The department argues that the provisions of G.L. c. 7, § 4H, at issue, conflict with the unfettered authority of the commissioner to make personnel and managerial decisions set forth in special acts of the Legislature, St.1962, c. 322, § 1(10), (11), and that if the Legislature intended to curtail that authority it would have used language to clearly accomplish that result, i.e., “notwithstanding any general or special law to the contrary.” See, e.g., G.L. c. 74, § 2B (“Notwithstanding any general or special law to the contrary, a city or town may provide for the construction of one and two family dwellings for persons of low income ․”); G.L. c. 19D, § 17 (“Notwithstanding any general or special law to the contrary, there shall be established an assisted living advisory council ․”); G.L. c. 41, § 108N (“Notwithstanding the provision of any general or special law to the contrary, any city or town ․ may establish an employment contract ․”). Absent such language, the department argues, the Legislature did not indicate any intent to restrict the commissioner's powers under the special acts and, thus, the special acts must prevail over the subsequently enacted general law. Emerson College v. Boston, 393 Mass. 303, 306, 471 N.E.2d 336 (1984). This is so, however, only if the general statute, G.L. c. 7, § 4H, and the special statutes, St.1962, c. 322, § 1(10), (11); St.1950, c. 735, § 2, cannot be reconciled.
Here, we conclude that the general and special statutes are not in conflict and can be reconciled. While the department is correct that the special acts grant to the commissioner broad power to make personnel decisions and to manage the department, that power is not untrammeled. Even prior to the amendment to G.L. c. 7, § 4H, adding the paragraph at issue here, the commissioner's transfer of a detective was subject to review by a trial board whose decision was final. St.1950, c. 735, § 2. Murphy v. Police Commr. of Boston, 369 Mass. 469, 470-471, 339 N.E.2d 898 (1976). This special statute, however, did not specify the standard of review to be employed by the trial board. Section 4H fills that gap by specifying that in cities which employ more than 350 police officers, the transfer of a detective by the commissioner to another position shall be subject to review under a “just cause” standard and that such review shall be conducted by the DALA in place of the trial board. There is, thus, nothing so inconsistent or repugnant in § 4H and the special acts governing the department, St.1962, c. 322, § 1(10), (11), and St.1950, c. 735, § 2, precluding their separate existence as part of an harmonious statutory scheme. See Lukes v. Election Commrs. of Worcester, 423 Mass. 826, 829, 672 N.E.2d 976 (1996) (“[o]ur goal in interpreting two or more statutes relating to the same subject matter is to construe them so as to constitute an harmonious whole, consistent with the legislative purpose”); Hayden v. West Springfield, 22 Mass.App.Ct. 902, 904, 491 N.E.2d 276 (1986) (a special statute stands as an exception to a general law unless “the prior statute ․ is so repugnant to and inconsistent with a later enactment covering the same subject that both cannot stand”). There is no irreconcilable conflict here and, thus, § 4H applies to the city of Boston.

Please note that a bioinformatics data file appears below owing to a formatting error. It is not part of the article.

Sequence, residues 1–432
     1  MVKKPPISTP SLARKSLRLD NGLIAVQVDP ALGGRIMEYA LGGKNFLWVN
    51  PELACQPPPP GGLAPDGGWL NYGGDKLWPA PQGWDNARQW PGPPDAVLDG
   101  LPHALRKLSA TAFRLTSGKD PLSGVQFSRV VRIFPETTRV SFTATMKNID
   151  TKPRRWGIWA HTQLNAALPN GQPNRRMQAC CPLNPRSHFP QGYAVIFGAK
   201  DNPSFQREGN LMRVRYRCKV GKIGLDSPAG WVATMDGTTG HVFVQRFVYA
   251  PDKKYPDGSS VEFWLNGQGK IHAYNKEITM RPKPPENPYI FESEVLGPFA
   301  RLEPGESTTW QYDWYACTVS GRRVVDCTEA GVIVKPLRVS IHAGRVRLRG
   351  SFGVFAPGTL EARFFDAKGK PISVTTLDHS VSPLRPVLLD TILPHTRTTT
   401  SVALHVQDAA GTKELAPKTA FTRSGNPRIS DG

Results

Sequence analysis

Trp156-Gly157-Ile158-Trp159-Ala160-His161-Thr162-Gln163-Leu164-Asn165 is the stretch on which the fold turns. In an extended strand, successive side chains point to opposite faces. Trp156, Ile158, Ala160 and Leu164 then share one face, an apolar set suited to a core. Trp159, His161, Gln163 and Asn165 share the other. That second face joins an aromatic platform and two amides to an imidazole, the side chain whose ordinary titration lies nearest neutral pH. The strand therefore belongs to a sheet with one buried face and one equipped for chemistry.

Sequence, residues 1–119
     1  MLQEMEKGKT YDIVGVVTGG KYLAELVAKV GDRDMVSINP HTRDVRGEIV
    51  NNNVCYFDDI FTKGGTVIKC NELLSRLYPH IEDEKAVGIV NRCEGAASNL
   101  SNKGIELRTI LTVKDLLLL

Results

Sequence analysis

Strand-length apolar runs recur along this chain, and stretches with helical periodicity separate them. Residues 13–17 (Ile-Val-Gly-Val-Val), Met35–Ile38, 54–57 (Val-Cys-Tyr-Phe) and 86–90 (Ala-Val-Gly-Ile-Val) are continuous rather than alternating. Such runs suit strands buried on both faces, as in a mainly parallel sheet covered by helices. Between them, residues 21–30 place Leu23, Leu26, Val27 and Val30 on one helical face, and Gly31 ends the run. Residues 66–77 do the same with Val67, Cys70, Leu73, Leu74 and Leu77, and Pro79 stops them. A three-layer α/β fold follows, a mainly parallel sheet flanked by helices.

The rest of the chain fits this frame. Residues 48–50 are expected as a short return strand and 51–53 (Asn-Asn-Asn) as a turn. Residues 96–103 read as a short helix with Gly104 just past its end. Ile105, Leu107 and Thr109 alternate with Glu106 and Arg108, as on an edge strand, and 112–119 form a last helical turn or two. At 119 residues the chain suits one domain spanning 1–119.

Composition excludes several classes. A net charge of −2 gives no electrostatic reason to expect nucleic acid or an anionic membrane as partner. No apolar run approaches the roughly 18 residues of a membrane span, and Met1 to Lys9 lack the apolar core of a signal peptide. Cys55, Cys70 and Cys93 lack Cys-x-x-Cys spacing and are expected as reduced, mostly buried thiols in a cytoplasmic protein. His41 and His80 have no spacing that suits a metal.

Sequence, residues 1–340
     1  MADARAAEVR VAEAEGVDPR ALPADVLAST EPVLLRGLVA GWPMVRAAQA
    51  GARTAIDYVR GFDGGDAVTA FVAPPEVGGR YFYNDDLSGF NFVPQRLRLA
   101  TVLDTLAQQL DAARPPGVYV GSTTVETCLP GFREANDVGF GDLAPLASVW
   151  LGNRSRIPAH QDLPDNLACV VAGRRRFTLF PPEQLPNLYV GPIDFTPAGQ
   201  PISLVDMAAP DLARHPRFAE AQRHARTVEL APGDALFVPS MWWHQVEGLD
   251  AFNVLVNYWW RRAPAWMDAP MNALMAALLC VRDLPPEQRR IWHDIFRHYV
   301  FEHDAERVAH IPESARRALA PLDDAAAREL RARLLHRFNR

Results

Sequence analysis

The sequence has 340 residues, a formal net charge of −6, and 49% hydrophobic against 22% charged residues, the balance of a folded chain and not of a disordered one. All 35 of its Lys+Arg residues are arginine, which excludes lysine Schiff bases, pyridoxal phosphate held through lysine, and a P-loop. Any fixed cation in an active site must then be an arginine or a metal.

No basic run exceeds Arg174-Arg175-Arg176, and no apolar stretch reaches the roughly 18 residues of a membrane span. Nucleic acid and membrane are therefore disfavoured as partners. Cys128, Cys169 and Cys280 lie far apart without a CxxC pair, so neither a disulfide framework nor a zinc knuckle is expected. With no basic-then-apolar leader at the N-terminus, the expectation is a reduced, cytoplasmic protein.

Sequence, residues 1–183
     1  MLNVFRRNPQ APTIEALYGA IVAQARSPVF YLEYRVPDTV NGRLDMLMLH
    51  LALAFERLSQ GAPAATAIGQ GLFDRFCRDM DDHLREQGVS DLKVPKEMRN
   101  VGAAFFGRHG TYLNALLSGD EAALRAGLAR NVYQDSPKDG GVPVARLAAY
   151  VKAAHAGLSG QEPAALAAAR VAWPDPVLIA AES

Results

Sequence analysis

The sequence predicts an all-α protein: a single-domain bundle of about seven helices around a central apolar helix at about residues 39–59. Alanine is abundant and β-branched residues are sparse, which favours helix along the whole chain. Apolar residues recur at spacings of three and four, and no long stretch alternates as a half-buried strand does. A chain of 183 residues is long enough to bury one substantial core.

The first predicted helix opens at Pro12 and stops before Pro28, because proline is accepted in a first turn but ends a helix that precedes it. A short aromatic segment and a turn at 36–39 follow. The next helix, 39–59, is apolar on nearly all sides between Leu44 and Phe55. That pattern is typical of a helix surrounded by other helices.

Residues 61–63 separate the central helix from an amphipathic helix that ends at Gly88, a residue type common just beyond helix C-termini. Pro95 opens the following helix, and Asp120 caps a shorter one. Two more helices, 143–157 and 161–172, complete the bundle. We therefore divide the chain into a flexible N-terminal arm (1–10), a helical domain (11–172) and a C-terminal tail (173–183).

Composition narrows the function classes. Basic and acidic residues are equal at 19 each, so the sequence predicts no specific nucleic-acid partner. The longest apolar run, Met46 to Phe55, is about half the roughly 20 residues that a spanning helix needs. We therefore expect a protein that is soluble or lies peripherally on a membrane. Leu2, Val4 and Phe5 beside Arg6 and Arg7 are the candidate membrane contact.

2. The meaning of “just cause.” The department argues that the “just cause” standard applied under the civil service statute, G.L. c. 31, § 41, is inapplicable to the DALA's review of the commissioner's decision to transfer a detective to another position under G.L. c. 7, § 4H, because St.1950, c. 735, § 2, specifically provides that “the provisions of said chapter thirty-one shall in no way be applicable to said hearing and determination [of the review of the transfer from detective to another position by the commissioner] made thereunder.” However, the department's argument overlooks the fact that the Legislature did not include this language in G.L. c. 7, § 4H, when it amended the statute to replace the trial board with the DALA. Neither did the Legislature define the words “just cause” in specifying the DALA's standard of review. We, thus, resort to the principles of statutory construction to define what is meant by “just cause.”
“When a statute does not define its words we give them their usual and accepted meanings, as long as these meanings are consistent with the statutory purpose.” Commonwealth v. Zone Book, Inc., 372 Mass. 366, 369, 361 N.E.2d 1239 (1977). “We derive the words' usual and accepted meanings from sources presumably known to the statute's enactors, such as their use in other legal contexts and dictionary definitions.” Ibid. The department argues that the most appropriate source for a definition of “just cause” should be the meaning ascribed to those words in private employment cases involving managerial personnel, i.e., “grounds ․ reasonably related, in the employer's honest judgment, to the needs of his business.” Goldhor v. Hampshire College, 25 Mass.App.Ct. 716, 723, 521 N.E.2d 1381 (1988). However, this is not a private employment case but a public employment case. In addition, the interpretation to be given “just cause” should be consistent with the statutory purpose.